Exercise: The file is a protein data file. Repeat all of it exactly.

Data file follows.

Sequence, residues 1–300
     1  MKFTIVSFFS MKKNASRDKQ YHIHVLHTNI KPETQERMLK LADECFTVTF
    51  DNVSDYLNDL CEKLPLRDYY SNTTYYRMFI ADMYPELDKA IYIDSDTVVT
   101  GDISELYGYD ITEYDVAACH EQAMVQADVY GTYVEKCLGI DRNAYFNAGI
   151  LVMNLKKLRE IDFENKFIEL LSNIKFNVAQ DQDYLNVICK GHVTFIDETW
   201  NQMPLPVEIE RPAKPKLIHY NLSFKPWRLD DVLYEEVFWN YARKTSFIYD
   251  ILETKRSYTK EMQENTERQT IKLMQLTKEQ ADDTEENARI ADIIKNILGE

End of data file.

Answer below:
Sequence, residues 1–300
     1  MKFTIVSFFS MKKNASRDKQ YHIHVLHTNI KPETQERMLK LADECFTVTF
    51  DNVSDYLNDL CEKLPLRDYY SNTTYYRMFI ADMYPELDKA IYIDSDTVVT
   101  GDISELYGYD ITEYDVAACH EQAMVQADVY GTYVEKCLGI DRNAYFNAGI
   151  LVMNLKKLRE IDFENKFIEL LSNIKFNVAQ DQDYLNVICK GHVTFIDETW
   201  NQMPLPVEIE RPAKPKLIHY NLSFKPWRLD DVLYEEVFWN YARKTSFIYD
   251  ILETKRSYTK EMQENTERQT IKLMQLTKEQ ADDTEENARI ADIIKNILGE